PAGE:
Veronica D’Souza is a social entrepreneur with heart and soul who strongly believes in using innovative business solutions to improve the world. In 2011, she co-founded Ruby Cup, which addresses the lack of affordable menstrual hygiene products for women and girls in poverty.
Since then she has been recognized as a ‘Global Shaper’ by the World Economic Forum and was designated as the youngest jury member at INDEX, an award honoring the best sustainable, life-improving designs. With an educational background in international business, politics, languages and culture, she founded CARCEL in 2016, a Copenhagen-based fashion label whose products are produced by women in prison and made from 100% natural materials.
She spoke with Öresundstartups News about her journey as an entrepreneur and aspirations to create sustainable business strategies to address and alleviate global issues.
The power of sustainable business models
Veronica began both of her businesses, Ruby Cup and CARCEL, by identifying an overlooked issue, finding proper solutions for it, and at the same time, making the solution as well as the cause attractive for people so they want to be a part of it. It is with this mindset that Veronica launched Ruby Cup. Founded in 2011 in Nairobi, Kenya, Ruby Cup, a menstrual cup, gives girls the opportunity to go to school during their periods by providing a menstrual cup as well as education about reproductive health. At the time, menstruation was an extremely overlooked issue in the developing world. Veronica is proud to have helped raise awareness for this issue and develop solutions that make real, life changing differences for girls:
“I believe in the power of sustainable business models to address societal challenges and scale these solutions. There is something very dignifying in seeing people as resourceful rather than as victims that need help. It is also my belief that if you provide opportunities for women, you help the entire family”
The idea for her second start-up, CARCEL, was based on her visit to a women’s prison in Kenya, where she identified the main cause – and overlooked issue – of female incarceration: poverty. By establishing a clear and smart business model, she combined her interest in business with her passion for helping women pursue a better future:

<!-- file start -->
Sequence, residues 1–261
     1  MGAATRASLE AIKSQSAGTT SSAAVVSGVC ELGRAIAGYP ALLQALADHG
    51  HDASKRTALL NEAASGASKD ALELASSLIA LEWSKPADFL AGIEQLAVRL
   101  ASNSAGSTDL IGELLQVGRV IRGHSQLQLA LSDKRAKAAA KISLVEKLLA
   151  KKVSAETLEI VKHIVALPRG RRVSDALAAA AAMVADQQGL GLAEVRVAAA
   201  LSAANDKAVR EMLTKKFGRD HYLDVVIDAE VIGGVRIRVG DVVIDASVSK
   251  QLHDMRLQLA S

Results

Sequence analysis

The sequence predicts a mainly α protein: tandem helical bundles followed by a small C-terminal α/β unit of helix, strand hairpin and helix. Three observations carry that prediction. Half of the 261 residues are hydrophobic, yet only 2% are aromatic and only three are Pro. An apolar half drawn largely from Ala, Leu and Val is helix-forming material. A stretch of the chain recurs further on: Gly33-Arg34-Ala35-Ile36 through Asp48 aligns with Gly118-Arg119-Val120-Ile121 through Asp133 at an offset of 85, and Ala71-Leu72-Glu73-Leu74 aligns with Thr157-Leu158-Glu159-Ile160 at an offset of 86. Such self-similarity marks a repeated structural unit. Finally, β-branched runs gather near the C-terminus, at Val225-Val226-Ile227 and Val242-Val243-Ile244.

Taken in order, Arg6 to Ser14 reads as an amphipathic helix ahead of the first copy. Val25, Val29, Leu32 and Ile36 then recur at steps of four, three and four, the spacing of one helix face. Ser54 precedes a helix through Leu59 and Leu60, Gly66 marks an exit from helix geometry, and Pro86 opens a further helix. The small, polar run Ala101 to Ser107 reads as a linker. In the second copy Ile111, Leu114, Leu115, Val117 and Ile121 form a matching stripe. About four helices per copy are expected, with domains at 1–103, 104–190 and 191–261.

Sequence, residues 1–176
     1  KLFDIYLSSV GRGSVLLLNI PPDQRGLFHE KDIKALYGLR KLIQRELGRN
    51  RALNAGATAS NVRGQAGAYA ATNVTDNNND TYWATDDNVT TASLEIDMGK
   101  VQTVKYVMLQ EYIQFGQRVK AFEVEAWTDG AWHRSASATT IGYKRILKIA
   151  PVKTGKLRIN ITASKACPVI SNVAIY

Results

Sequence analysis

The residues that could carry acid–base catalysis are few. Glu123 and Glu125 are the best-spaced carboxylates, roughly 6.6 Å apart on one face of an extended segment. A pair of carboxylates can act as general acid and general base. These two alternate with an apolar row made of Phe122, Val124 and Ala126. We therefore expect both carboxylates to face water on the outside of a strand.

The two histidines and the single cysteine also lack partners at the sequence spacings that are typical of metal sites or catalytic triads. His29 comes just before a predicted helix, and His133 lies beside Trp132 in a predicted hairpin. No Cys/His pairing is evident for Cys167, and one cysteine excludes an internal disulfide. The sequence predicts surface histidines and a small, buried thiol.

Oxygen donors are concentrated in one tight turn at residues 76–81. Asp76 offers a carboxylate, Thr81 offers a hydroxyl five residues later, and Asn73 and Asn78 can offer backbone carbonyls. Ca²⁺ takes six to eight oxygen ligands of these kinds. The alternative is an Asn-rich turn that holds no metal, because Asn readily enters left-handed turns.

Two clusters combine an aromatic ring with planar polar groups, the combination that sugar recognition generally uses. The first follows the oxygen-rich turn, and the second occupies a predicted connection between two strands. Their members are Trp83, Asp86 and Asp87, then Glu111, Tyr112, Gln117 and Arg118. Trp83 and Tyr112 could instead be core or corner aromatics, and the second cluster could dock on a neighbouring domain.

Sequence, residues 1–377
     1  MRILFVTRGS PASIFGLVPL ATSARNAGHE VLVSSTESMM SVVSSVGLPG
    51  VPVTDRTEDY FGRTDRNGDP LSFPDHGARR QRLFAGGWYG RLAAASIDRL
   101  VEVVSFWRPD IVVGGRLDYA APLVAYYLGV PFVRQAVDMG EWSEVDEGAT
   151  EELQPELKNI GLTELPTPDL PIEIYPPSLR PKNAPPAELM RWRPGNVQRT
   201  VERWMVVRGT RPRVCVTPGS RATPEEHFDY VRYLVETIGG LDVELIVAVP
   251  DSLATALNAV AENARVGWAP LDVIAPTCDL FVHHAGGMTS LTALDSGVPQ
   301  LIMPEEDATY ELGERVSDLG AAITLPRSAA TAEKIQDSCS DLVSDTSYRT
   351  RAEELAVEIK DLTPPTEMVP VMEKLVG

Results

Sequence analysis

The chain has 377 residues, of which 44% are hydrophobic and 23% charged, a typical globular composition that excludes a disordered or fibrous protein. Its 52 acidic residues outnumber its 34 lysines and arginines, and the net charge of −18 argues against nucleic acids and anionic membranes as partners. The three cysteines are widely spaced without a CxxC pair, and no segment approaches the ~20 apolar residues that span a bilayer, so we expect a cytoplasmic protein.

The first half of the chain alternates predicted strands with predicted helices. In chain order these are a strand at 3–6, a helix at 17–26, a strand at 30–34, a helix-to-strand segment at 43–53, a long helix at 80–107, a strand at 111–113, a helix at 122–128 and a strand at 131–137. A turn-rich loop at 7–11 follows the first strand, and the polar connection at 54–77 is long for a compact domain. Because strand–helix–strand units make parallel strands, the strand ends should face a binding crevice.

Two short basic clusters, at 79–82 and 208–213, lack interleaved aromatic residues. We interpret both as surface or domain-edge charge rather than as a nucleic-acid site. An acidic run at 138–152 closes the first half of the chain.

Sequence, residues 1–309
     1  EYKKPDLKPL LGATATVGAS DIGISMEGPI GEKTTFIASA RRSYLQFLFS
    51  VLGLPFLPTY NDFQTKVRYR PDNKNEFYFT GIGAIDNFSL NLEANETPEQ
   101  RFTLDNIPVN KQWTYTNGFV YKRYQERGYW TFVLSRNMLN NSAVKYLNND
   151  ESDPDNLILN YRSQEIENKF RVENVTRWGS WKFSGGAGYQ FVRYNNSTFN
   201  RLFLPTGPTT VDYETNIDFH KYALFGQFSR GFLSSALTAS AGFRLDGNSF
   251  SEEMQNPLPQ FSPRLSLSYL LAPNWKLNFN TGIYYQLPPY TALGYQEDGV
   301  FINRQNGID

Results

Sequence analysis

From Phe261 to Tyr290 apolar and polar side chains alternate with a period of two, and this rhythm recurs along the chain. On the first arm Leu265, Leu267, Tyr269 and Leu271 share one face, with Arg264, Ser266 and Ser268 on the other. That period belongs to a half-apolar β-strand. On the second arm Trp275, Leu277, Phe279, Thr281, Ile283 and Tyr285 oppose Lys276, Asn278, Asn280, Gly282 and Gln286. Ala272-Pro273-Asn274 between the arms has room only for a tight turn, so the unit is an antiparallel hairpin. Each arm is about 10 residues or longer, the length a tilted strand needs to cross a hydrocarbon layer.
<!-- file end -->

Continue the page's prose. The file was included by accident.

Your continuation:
“If I could provide these women with new skills and a market, they would be able to make a good salary while serving their many year sentences – this way they could save up for their release as well as support their children.”
One of Veronica’s core beliefs as an entrepreneur is to develop and offer solutions that are both attractive and in demand. With CARCEL, she and designer Louise van Hauen envisioned making a fashion label whose customers do not purchase clothes out of pity for its producers – in this case incarcerated women – but rather because they are convinced the clothes are fashionable and well-designed. In this regard, she has changed the discourse from poverty victims to one of empowerment.
First-hand experience from an entrepreneur
She compares life as an entrepreneur with being an artist, as you are never disconnected from your work. On the one hand, your passion can become completely embedded in your life but on the other hand, there is a lot of insecurity and financial risk involved. For other entrepreneurs who are just starting a business, she recommends being bold and going to market long before you feel you are ready. It is only then that you can find out whether you were right about your business idea and, more importantly, whether you want to spend your life building it. Moreover, it is important to test your idea to ensure that others will love the idea or solution you are so passionate about. Lastly, Veronica D’Souza sees building an engaged and passionate team that contributes to the success of your idea as crucial. Besides, it’s no fun doing this journey all on your own.
In August, CARCEL’s new online store will be launched. Its first collection will be presented during Copenhagen Fashion Week.